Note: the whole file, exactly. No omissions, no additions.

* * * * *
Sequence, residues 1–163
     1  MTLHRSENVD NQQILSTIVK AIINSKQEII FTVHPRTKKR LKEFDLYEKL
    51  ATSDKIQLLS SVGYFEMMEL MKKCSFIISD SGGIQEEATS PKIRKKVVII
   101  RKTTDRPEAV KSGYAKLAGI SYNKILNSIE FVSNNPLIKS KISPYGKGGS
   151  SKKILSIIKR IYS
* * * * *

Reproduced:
Sequence, residues 1–163
     1  MTLHRSENVD NQQILSTIVK AIINSKQEII FTVHPRTKKR LKEFDLYEKL
    51  ATSDKIQLLS SVGYFEMMEL MKKCSFIISD SGGIQEEATS PKIRKKVVII
   101  RKTTDRPEAV KSGYAKLAGI SYNKILNSIE FVSNNPLIKS KISPYGKGGS
   151  SKKILSIIKR IYS